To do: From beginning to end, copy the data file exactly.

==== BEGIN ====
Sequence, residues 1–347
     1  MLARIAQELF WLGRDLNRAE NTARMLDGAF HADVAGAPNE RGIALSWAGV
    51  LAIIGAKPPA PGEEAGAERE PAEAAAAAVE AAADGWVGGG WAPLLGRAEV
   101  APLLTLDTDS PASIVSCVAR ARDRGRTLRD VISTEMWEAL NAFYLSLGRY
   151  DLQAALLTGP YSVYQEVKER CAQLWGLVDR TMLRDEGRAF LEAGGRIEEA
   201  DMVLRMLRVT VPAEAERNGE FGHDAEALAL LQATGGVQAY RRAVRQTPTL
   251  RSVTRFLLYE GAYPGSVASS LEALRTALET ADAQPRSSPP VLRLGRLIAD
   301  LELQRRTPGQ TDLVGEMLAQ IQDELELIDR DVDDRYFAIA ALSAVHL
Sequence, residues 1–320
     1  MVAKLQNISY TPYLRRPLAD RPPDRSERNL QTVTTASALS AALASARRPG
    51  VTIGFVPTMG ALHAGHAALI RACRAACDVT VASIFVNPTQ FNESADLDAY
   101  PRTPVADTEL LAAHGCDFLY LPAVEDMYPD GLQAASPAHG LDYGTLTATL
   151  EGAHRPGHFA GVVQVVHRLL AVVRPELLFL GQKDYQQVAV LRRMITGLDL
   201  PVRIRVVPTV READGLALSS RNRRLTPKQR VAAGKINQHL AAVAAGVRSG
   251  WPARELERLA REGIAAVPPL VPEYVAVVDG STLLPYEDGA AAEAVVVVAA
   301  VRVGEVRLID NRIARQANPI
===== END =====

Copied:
Sequence, residues 1–347
     1  MLARIAQELF WLGRDLNRAE NTARMLDGAF HADVAGAPNE RGIALSWAGV
    51  LAIIGAKPPA PGEEAGAERE PAEAAAAAVE AAADGWVGGG WAPLLGRAEV
   101  APLLTLDTDS PASIVSCVAR ARDRGRTLRD VISTEMWEAL NAFYLSLGRY
   151  DLQAALLTGP YSVYQEVKER CAQLWGLVDR TMLRDEGRAF LEAGGRIEEA
   201  DMVLRMLRVT VPAEAERNGE FGHDAEALAL LQATGGVQAY RRAVRQTPTL
   251  RSVTRFLLYE GAYPGSVASS LEALRTALET ADAQPRSSPP VLRLGRLIAD
   301  LELQRRTPGQ TDLVGEMLAQ IQDELELIDR DVDDRYFAIA ALSAVHL
Sequence, residues 1–320
     1  MVAKLQNISY TPYLRRPLAD RPPDRSERNL QTVTTASALS AALASARRPG
    51  VTIGFVPTMG ALHAGHAALI RACRAACDVT VASIFVNPTQ FNESADLDAY
   101  PRTPVADTEL LAAHGCDFLY LPAVEDMYPD GLQAASPAHG LDYGTLTATL
   151  EGAHRPGHFA GVVQVVHRLL AVVRPELLFL GQKDYQQVAV LRRMITGLDL
   201  PVRIRVVPTV READGLALSS RNRRLTPKQR VAAGKINQHL AAVAAGVRSG
   251  WPARELERLA REGIAAVPPL VPEYVAVVDG STLLPYEDGA AAEAVVVVAA
   301  VRVGEVRLID NRIARQANPI